The new normal (part 2)? Our experience of virtual mediations during the pandemic and beyond
2020 has undoubtedly been an unprecedented and challenging year for many, requiring businesses and individuals to adapt to change, including our Disputes team. Back in the summer months, we took a look at our “new normal” in the world of virtual hearings and the use of technology for dispute resolution. In this update, we share our experience of virtual mediations in light of the pandemic and our thoughts on what may lay ahead for virtual dispute resolution heading into the New Year.
Mediation continues to be a widely used method of alternative dispute resolution (“ADR”). Mediation involves the appointment of a neutral middleman to facilitate a discussion between the parties and their legal representatives. It offers parties the chance to put their respective positions to each other in a confidential and (hopefully) conciliatory setting, away from the public domain, so that attempt can be made to reach a settlement without the involvement of the court. The mediator may also have a more specialist background fitting for a technical dispute.
Parties are bound by the Civil Procedure Rules (“CPR”) to consider taking part in ADR as a way of resolving a dispute and this obligation continues even after court proceedings are issued. Failure to follow the CPR, including the obligation to consider ADR, can have significant cost consequences. This obligation has not fallen away during the pandemic, meaning parties to a dispute are now required to consider the use of virtual ADR.
Our case study: issues to resolve
We recently referred a seven-figure probate dispute to mediation, which was conducted entirely via Zoom.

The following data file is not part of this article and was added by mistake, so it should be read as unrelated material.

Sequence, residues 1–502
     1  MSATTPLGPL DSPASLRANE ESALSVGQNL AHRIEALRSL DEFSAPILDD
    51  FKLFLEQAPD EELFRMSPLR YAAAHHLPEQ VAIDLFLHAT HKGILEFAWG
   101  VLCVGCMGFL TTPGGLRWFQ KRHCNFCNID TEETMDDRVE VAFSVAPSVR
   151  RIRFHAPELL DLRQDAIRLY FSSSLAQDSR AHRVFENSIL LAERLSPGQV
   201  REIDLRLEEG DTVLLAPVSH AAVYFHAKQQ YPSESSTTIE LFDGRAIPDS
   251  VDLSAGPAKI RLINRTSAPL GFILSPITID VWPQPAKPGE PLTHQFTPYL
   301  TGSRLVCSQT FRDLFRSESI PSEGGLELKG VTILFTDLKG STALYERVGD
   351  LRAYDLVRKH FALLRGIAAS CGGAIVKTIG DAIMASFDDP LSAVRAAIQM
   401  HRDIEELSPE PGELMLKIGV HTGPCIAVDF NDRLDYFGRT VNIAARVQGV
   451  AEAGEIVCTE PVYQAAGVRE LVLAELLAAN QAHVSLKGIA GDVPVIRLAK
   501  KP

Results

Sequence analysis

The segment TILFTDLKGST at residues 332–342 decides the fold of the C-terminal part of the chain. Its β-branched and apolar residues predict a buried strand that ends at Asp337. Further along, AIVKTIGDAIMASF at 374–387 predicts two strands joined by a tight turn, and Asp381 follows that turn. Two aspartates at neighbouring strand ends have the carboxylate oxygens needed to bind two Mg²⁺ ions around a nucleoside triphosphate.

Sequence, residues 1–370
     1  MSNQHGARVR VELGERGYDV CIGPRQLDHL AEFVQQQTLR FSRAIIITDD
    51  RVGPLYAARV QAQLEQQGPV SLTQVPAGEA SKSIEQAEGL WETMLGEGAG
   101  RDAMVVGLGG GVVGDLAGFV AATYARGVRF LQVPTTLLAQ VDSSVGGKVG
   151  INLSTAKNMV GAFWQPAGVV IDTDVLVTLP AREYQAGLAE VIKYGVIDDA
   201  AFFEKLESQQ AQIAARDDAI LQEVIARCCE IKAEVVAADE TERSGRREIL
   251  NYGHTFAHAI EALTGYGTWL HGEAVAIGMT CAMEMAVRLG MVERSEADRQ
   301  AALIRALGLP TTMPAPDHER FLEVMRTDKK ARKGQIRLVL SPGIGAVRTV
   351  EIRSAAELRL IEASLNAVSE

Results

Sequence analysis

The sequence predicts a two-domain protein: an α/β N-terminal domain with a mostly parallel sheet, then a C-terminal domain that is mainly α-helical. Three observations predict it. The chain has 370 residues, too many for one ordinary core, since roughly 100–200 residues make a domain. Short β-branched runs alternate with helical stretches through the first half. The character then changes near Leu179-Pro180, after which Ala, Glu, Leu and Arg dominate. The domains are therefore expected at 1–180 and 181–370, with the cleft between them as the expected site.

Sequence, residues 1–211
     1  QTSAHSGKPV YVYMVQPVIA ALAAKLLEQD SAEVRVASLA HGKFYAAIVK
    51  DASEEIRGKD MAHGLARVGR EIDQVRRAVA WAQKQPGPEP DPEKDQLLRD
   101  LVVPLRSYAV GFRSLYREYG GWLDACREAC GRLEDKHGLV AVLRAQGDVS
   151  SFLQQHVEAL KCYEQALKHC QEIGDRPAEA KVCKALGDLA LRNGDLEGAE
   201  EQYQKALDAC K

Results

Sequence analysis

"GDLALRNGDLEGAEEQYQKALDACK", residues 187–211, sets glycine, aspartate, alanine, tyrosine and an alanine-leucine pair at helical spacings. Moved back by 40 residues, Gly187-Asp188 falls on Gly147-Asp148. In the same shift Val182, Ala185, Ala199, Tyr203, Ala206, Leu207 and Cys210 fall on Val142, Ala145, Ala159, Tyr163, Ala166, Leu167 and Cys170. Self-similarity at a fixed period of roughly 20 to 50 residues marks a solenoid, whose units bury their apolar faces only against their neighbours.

This was a very challenging case from the outset. Not only did the mediation take place during England’s second lockdown (with various of the interested parties being based abroad), this was also a long-running dispute involving complex case law. Disputes are typically difficult to settle at mediation where a point of law needs to be resolved: in this instance, the key to unlocking the dispute was getting each of the parties to agree on a certain interpretation of the multifaceted case law.
Here is a summary of the practical steps we took to ensure the smooth running of the mediation:
– Before the mediation, schedule a test run with all participants to iron out any technical issues. We would strongly recommend this: during our test run, we discovered that one of the parties had sound problems – which would have caused difficulties on the day of the mediation given the whole purpose of a mediation is to listen and compromise!
– Arrange for the parties to have staggered entrance times into the “main room”.
– Ensure that the platform you select to host the mediation has “private rooms”, which will allow each party to converse with their legal team in private.
– Make sure that the mediator is flexible and ‘tech savvy’. The mediator will need to shuttle between the various “rooms”, with the ability to bring certain people (i.e. the parties’ respective legal teams) together for a joint session as and when necessary.
– Produce an electronic mediation bundle – this has significant cost savings, and positive environmental implications.
We are delighted to confirm that the matter in our case study settled during the course of the virtual mediation day itself. We not only avoided the time and expenses associated with travel to the mediation, but it allowed us to continue without time restrictions and to focus on encapsulating what was agreed in a settlement agreement immediately after the mediation.
What does the future hold for virtual mediation / dispute resolution?
We believe there is real scope for virtual mediations to become a mainstay of the array of ADR options which we have at our disposal when it comes to resolving disputes – even once things get back to “normal”. Our experience of virtual mediations (and hearings) has been nothing but positive, with there being benefits across the board (including efficiencies, dealing with geographical issues and reducing stress and anxiety for participants). Whilst there was a general reluctance to engage in anything “virtual” pre-COVID, we envisage that there will be a marked change in how dispute resolution is dealt with in a post-COVID world.
This update is for general purposes and guidance only and does not constitute legal or professional advice. You should seek legal advice before relying on its content. This update relates to the prevailing circumstances at the date of its original publication and may not have been updated to reflect subsequent developments. If you have general queries about our updates, please email: firstname.lastname@example.org